Drax is to legally challenge the Government’s decision to exclude the power plant operator’s plans to convert a coal-fired unit into one burning biomass from its latest round of funding.
The decision to challenge the Government could set a precedent for other generators and overshadowed the approval of several new renewable energy projects on Wednesday.
It may be hard to believe, but sunshine is going to transform Glasgow into one of the world’s greenest cities.
The people who worry about energy bills, the squeezed middle, have the most to lose and the least to gain when it comes to Tory announcements on the subject of onshore wind turbines.
The UK’s energy supply is facing something of a mid-life crisis. It is bloated and fat after decades of reliance on unsustainable and increasingly expensive fossil fuels.
Biofuels made from the leftovers of harvested corn plants are worse than gasoline for global warming in the short term, a new study shows, challenging the Obama administration’s conclusions that they are a much cleaner oil alternative and will help combat climate change.
My selection of stories posted by Luis de Sousa At The Edge of Time. Luis’ focus this week is on the IPCC, Russia / Ukraine and Iraq.
World: Peak Coal
Comments about coal are usually not complimentary. Despite our dependence on it as a source of heat for electric power generation, environmentalists wish it would go away. On the other hand, advocates like to claim we have more than 110 years of coal left – “at present rates of consumption”. Both sides are overlooking crucial points. Let’s see if we can clarify the future use of coal as a fossil fuel resource.
So, the IPCC has released their report on climate change mitigation. Naturally various people are in spin-mode. Greenpeace’s “journalism” wing have “15 key findings from the IPCC mitigation report.” Unsurprisingly the findings that do not suit Greenpeace’s agenda are not key.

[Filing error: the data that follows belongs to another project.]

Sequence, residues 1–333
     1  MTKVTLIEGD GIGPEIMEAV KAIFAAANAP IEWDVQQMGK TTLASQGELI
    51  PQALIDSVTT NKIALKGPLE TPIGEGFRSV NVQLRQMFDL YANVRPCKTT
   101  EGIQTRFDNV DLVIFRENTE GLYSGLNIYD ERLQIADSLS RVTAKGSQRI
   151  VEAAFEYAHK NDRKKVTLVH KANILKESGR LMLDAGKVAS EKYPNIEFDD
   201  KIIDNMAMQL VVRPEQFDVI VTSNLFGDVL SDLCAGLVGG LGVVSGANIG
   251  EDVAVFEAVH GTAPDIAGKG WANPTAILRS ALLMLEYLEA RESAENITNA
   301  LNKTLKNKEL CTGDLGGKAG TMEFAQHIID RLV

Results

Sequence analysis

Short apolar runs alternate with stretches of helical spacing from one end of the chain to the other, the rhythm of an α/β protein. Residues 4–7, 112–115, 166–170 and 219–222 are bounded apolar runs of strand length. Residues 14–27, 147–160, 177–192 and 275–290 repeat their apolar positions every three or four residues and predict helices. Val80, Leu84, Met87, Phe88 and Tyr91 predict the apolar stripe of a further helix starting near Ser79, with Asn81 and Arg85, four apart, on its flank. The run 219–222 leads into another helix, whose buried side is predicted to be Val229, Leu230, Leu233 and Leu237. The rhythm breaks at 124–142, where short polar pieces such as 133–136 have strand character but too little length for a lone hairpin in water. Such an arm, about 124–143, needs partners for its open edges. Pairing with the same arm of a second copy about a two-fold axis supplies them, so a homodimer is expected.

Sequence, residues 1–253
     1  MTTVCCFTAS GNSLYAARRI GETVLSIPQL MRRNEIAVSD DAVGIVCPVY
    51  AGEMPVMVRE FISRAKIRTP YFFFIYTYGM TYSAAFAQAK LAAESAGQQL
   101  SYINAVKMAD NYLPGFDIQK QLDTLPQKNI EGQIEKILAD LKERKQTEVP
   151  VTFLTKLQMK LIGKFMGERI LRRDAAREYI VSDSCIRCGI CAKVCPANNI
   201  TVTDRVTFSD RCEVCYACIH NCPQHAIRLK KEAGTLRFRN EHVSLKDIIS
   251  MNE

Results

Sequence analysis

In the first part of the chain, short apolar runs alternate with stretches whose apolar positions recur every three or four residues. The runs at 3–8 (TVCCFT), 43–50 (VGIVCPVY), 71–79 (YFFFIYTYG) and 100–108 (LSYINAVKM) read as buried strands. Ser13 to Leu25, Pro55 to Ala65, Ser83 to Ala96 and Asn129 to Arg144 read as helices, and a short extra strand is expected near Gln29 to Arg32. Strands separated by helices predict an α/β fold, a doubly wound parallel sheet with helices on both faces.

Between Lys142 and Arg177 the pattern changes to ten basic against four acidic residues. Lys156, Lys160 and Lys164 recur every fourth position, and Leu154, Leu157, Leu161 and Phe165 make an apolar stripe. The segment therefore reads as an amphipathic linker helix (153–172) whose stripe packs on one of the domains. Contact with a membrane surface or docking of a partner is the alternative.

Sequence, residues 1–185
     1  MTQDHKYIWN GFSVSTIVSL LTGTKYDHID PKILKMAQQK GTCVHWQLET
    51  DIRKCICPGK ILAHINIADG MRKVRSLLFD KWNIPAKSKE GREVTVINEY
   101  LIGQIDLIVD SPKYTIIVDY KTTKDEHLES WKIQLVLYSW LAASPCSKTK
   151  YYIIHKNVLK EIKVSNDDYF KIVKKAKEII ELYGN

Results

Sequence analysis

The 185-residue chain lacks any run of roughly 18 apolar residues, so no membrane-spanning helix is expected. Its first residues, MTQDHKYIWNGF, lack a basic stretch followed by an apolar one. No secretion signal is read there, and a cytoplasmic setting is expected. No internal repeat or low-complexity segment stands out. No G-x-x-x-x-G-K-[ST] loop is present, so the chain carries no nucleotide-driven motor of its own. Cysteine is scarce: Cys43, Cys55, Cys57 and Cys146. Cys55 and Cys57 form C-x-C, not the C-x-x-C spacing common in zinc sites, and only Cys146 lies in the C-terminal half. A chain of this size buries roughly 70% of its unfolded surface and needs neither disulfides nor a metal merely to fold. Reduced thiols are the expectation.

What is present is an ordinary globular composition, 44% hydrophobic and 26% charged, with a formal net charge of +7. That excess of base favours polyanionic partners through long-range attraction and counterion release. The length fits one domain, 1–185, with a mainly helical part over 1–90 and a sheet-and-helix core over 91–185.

But instead of hectoring journalists and complaining about the inevitable platitudes doled out in response to this report, I will instead suggest that the IPCC needs a good kick up the arse.
The United States has constructed a financial neutron bomb. For the past 12 years an elite cell at the US Treasury has been sharpening the tools of economic warfare, designing ways to bring almost any country to its knees without firing a shot.
The strategy relies on hegemonic control over the global banking system, buttressed by a network of allies and the reluctant acquiescence of neutral states. Let us call this the Manhattan Project of the early 21st century.
Do the BRICS states have a common position in the current Russia-Ukraine conflict? Yes they do, Monica Herz told DW. “There is a common position that there needs to be containment of the conflict.” But she added that “when we look at Russian policy, we find that these countries have divergent positions.”
Militants on Thursday blew up two oil and gas pipelines in Iraq’s northern Saladin province, a security official said.
“Militants detonated an explosive device near an oil pipeline and another near a gas pipeline in the town of Biji,” Saladin Police Captain Omar al-Juburi told Anadolu Agency.
The explosions left thick black smoke in the air and oil spilling into the Tigris River, al-Juburi added, which prompted the local water authorities to cut off water supplies to the area’s purification plants.
World: Iraqi pipeline ‘unusable’
An oil pipeline carrying crude from Iraq’s Kirkuk oilfields to Turkey’s Mediterranean port of Ceyhan is “unusable” because of persistent militant attacks, Turkey’s energy minister was reported as saying on Monday.
The key export pipeline has been pumping way below its 1.5 million barrels per day of capacity, while Kurdistan has been sending crude through a new independent route from the semi-autonomous Iraqi region to the Turkish port.